Kerosene Castle is a monument to the Canadian discovery of a way to produce kerosene (coal oil). In the mid-1800s, refineries sprang up across North America including the Oakville Oil Refinery on the eastern bank of Sixteen Mile Creek. Built by Richard Shaw Wood, the refinery became one of the largest such operations in Canada. His family built the grand mansion across the street, dubbed Kerosene Castle, around 1856.

In 1869 fire destroyed the refinery. Burning oil floated down the creek as far as the harbour. Wood decided not to rebuild — over-production had cut dramatically into profits. Instead he devoted himself to his planing mill (also on Trafalgar Road), which turned out finished wood products.

The mansion was a family residence until the mid-1900s, when the house was duplexed. One side was used as apartments and the other was owned by Diana Taylour, O.B.E., a nurse decorated for her service in the First World War. She ran a nursing home out of Kerosene Castle without regard for her patients' ability to pay. She died in 1957.

In 1978, Audrey and Colin Hadfield began transforming Kerosene Castle into a private co-educational day school, MacLachlan College. The town designated the building a heritage site in 1980, particularly for the west tower and Orial window.

Neyagawa Information Station

The Neyagawa Information Station on the west side of Neyagawa Boulevard opposite the traffic light for River Glen Boulevard tells the stories of Oakville's Japanese sister city, the Mississauga Treaty of 1806, Knox Church, and the isolation of Trafalgar Township for the first settlers. These stories are reproduced below.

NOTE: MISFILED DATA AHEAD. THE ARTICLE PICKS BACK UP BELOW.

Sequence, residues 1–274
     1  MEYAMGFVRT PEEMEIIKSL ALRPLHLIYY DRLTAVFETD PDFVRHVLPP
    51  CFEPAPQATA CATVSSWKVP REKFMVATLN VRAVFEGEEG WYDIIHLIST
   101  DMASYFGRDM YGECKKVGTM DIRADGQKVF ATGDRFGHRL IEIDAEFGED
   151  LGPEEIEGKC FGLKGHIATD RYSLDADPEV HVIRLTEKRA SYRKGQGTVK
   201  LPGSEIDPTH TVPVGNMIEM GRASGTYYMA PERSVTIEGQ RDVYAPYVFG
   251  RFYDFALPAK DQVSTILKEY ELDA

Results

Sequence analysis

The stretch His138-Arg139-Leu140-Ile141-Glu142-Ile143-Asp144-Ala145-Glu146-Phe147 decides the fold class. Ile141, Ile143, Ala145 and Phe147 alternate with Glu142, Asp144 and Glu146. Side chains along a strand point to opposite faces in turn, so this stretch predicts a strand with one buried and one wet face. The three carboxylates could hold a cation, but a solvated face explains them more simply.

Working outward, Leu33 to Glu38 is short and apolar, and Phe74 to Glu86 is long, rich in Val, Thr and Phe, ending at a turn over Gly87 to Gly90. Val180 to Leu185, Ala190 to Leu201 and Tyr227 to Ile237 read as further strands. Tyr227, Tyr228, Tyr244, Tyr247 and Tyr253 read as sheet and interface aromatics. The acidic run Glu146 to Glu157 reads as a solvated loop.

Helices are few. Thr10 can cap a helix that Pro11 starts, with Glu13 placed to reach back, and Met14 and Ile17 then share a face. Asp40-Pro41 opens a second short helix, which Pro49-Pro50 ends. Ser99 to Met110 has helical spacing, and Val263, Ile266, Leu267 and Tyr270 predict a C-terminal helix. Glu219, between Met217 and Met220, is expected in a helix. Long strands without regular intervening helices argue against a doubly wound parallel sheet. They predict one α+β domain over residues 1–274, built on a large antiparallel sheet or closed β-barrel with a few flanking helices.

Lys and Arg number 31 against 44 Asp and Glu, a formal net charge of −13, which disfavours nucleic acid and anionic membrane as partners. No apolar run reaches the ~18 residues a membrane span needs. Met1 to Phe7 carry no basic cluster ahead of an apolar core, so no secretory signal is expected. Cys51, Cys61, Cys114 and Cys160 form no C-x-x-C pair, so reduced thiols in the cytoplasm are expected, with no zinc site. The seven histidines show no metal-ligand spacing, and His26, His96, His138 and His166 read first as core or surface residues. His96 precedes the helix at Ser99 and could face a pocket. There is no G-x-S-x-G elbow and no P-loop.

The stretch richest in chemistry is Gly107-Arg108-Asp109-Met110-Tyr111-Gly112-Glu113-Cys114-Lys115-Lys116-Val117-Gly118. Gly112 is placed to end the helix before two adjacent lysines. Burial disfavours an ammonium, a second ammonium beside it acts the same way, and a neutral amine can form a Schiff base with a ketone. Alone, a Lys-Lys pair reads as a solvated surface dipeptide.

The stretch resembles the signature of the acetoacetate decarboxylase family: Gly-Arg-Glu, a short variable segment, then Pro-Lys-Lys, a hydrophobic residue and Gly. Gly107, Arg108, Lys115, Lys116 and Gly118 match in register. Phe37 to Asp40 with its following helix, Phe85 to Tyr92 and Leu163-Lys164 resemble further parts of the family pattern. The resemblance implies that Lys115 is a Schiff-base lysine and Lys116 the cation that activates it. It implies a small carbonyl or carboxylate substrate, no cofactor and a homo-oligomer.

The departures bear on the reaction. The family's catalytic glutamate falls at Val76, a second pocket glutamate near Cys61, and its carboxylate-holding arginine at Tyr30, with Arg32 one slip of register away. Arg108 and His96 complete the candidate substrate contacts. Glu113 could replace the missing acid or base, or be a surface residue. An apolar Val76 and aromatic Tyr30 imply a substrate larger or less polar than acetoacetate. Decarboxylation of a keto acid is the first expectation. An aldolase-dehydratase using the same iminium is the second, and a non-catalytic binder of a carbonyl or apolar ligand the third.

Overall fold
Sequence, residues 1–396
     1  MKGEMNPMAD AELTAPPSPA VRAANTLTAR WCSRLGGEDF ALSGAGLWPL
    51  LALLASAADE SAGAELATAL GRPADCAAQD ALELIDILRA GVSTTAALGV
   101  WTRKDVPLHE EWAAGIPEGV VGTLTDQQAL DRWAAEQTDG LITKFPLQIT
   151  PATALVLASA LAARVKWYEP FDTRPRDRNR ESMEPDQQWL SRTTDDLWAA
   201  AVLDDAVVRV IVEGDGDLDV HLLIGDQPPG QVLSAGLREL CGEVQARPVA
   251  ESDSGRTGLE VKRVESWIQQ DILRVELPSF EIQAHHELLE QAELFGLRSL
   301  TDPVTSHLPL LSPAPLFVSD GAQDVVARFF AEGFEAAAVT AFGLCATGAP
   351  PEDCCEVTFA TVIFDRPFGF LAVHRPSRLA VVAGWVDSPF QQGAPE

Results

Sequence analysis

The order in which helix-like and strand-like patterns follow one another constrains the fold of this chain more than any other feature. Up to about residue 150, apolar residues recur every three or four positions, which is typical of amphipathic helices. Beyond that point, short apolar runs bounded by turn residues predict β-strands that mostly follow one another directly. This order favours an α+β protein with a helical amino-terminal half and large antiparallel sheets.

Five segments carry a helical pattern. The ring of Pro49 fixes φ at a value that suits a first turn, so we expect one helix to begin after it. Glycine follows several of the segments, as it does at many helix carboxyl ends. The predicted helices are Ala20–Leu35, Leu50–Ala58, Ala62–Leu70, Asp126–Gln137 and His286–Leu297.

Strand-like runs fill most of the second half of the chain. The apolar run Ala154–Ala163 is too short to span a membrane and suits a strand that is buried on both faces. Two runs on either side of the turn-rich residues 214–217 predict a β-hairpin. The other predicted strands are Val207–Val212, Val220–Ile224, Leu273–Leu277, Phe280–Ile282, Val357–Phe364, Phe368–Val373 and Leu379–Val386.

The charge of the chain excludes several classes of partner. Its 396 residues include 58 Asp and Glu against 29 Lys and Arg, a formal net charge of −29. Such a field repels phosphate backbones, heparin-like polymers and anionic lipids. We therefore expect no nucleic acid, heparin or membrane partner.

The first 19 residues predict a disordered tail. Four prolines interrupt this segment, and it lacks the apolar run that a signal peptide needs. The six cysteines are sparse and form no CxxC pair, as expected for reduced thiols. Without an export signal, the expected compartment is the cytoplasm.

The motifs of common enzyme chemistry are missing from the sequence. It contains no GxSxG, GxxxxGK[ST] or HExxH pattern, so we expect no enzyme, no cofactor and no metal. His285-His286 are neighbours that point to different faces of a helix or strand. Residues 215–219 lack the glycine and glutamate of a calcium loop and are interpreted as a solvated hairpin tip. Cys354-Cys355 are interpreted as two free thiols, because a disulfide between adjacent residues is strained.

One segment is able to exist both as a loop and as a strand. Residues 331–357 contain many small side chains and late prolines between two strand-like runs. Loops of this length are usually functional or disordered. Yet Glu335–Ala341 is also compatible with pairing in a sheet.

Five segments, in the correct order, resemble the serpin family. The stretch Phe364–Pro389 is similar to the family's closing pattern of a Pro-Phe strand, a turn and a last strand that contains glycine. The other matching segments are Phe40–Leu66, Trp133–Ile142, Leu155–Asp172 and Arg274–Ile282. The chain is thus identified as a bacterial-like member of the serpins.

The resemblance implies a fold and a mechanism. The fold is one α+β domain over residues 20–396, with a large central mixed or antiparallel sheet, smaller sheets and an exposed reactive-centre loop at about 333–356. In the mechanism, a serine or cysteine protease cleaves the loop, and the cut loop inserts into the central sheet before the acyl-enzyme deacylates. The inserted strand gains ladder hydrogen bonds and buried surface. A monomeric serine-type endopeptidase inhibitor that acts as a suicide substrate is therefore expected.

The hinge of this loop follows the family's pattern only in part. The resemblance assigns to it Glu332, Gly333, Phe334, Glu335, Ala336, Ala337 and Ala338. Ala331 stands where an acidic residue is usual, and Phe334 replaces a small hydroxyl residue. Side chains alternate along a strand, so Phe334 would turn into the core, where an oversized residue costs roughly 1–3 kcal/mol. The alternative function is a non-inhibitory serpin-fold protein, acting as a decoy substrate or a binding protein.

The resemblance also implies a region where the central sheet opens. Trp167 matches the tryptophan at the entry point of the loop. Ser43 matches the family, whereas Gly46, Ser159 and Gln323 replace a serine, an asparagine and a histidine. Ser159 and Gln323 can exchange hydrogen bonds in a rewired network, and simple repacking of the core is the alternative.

Neyagawa and Sixteen Mile Creek

The Neyagawa Park area is where we celebrate connections across times and places. It's where an isolated township reached out through growing transportation links, where a downtown church reached out to its isolated cousin so it could serve its flock, and where two different cultures reached out to learn from one another. "Twinning" of cities grew in popularity after World War II, as people sought ways of pro-moting mutual understanding. It was especially encouraged by the Japanese government, which recognized it had become too isolated in the pre-war period.